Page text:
The emphasis within academic writing is arguably placed on form: judging by the wide-range of academic disciplines, from critical animal studies to ethics, academic writing is not restricted in terms of theme. Instead, any theme can be treated “academically”, inasmuch as it adheres to the standards of academic discourse. This entails that methods appropriate to the sub-disciplines of academic writing are used. When writing history texts, there are methodological requirements to be adhered to, i.e., the proper citation of historical sources required to support a thesis.
Hence, what defines academic writing is rigorousness regarding the application of the genre standards. Simultaneously, however, academic writing does not exclude creativity. Rather, creativity emerges through the basic structure given by the forms and conventions of academic writing.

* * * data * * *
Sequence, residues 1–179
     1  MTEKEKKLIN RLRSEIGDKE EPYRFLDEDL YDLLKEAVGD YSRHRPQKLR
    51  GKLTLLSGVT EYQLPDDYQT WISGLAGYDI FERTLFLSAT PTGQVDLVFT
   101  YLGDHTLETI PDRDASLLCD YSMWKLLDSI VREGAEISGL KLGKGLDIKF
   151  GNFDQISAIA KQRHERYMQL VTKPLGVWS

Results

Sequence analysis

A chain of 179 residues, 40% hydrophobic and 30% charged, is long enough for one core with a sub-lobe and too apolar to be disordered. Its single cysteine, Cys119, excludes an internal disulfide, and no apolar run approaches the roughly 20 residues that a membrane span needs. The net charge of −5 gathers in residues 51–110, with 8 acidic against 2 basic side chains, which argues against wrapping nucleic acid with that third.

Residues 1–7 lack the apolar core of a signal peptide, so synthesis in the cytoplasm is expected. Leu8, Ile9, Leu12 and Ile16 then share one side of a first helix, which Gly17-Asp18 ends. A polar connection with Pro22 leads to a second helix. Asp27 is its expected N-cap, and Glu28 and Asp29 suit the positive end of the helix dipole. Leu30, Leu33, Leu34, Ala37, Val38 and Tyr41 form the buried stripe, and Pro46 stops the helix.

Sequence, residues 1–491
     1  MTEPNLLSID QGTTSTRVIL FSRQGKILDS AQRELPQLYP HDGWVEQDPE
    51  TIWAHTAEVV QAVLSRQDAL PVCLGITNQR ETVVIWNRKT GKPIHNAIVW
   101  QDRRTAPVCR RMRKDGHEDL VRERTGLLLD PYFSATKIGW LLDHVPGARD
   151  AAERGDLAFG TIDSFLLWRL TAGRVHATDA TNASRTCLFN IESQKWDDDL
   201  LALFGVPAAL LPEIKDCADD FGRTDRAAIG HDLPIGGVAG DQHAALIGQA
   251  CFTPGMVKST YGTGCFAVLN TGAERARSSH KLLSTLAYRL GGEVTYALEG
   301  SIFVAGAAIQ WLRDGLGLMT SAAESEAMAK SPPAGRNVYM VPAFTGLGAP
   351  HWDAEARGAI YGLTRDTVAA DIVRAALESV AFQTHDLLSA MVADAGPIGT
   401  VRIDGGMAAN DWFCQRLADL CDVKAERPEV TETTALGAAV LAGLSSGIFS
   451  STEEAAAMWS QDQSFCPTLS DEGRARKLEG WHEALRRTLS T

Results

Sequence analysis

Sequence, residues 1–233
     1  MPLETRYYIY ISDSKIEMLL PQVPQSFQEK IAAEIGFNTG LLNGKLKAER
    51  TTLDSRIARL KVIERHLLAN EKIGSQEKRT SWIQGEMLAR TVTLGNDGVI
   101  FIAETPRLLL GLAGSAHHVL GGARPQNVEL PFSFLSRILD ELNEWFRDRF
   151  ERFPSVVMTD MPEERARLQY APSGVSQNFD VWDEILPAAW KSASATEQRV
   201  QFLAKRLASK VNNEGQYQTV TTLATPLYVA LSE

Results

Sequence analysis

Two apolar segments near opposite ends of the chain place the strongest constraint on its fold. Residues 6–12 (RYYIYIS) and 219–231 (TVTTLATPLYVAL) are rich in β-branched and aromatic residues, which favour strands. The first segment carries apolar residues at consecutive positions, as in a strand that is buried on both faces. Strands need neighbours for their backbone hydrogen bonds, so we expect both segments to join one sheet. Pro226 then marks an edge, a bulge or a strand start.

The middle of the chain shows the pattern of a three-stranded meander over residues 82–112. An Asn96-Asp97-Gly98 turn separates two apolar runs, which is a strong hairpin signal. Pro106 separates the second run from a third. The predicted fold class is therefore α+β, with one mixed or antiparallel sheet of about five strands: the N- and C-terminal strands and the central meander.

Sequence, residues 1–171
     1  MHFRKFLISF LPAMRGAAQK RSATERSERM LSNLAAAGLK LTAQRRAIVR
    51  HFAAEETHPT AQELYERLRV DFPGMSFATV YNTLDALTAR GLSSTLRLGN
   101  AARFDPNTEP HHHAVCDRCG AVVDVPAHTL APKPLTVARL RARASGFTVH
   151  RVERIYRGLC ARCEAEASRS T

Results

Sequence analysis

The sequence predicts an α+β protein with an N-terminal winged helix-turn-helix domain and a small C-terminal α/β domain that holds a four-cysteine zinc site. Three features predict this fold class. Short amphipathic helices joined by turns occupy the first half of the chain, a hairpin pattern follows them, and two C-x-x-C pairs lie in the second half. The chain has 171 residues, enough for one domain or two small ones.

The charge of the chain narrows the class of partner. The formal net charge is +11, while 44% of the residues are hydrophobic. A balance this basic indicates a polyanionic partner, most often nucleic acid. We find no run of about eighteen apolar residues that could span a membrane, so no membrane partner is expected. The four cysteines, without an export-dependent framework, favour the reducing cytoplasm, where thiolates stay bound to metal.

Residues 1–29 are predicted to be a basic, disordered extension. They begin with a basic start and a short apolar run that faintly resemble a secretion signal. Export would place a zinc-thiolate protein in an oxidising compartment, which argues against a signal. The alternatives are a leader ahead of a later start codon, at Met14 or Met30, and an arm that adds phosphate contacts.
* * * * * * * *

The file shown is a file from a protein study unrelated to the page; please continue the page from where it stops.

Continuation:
To clarify, a comparison can be made with popular forms of writing, such as editorials: these pieces are often pure opinion designed to communicate the viewpoint of the author. Academic writing is also made up of viewpoints, but the support of the viewpoint in an objective/scientific manner is here crucial. In academic writing, one’s audience is almost exclusively academics (i.e., professors, independent researchers and students) and therefore the academic writer must subscribe to the norms of this community.